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Image: Greg Elin via Flickr CC

Earlier this month, American newsrooms, policy makers, and First Amendment advocates were up in arms about a proposed initiative by the Federal Communications Commission (FCC) to monitor newsrooms for alleged biases. According to Newsmax, “The agency has proposed an initiative to monitor newsrooms for fairness in their coverage and potentially crack down on ‘perceived station bias,’” of the FCC’s initial proposal to launch its “Critical Information Needs Study.” The latest reports about the status of this proposal reveal that the FCC has halted its plans to monitor newsroom activity.

While some Americans were in favor of the initiative from the start, many more have argued that such a federal presence in newsrooms is a flagrant violation of our First Amendment rights. “It’s going to raise big, big First Amendment questions,” explains legal analyst Kendall Coffey of the intrusive measures the FCC would be taking to prevent newsroom bias. On the one hand, such monitoring would dissuade many newsrooms from perpetuating biased political agendas, and on the other, the American people deserve to make their own choices about where they get their information, without the government dictating what that information should be.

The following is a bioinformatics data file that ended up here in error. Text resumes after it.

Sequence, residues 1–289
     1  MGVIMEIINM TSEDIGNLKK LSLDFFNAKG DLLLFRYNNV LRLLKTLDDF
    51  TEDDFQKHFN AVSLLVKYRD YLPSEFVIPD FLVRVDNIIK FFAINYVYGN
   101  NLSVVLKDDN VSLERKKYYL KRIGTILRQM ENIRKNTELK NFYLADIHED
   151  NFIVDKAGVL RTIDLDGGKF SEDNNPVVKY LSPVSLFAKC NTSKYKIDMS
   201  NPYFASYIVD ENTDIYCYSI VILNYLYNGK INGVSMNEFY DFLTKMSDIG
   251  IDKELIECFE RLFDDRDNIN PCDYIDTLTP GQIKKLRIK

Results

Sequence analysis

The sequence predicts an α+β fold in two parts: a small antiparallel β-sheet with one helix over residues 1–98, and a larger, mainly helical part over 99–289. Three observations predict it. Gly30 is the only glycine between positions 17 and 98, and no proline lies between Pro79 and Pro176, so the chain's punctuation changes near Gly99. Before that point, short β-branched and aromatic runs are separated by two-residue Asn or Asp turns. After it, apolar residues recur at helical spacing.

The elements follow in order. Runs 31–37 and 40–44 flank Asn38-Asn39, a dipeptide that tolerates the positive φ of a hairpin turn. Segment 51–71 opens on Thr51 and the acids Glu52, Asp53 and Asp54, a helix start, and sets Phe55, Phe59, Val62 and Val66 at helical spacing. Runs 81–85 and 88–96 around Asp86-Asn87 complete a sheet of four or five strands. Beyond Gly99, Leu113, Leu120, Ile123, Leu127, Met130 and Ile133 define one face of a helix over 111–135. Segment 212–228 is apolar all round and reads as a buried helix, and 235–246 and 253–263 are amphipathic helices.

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I’d love to see the FCC try and tell Stephan Colbert what to report about.
Image: stephancolbert via Instagram

Fox News, for example, has an infamously conservative stance, spinning many news stories in a specific, right wing light. But for every talking head that presents news in a strictly conservative way, there is another more liberal outlet where folks can also choose to get their news.  What’s more are the humorous faux-conservatives like Stephen Colbert; would the FCC be monitoring his news reporting for its over-the-top satirical conservative biases?

The most alarming component of the FCC’s proposed “Critical Information Needs” study is how it would be projecting its own ideals for proper news reporting onto newsrooms, and asking how the reporters would express news that the FCC deems important. If you think that detecting biases through a biased set of conditions is a little “Big Brother,” you definitely aren’t alone. The ways in which the FCC was proposing to infiltrate newsrooms – even the most blatantly biased of outlets like Fox – surely did threaten our First Amendment rights.

In a perfect world, world news would be presented a diversified, all-encompassing, and unbiased way. Until then, any regulations placed upon newsrooms reads like a violation of the First Amendment, which seems far worse than navigating through news channels that have political agendas. What do you think about the FCC’s original newsroom proposal?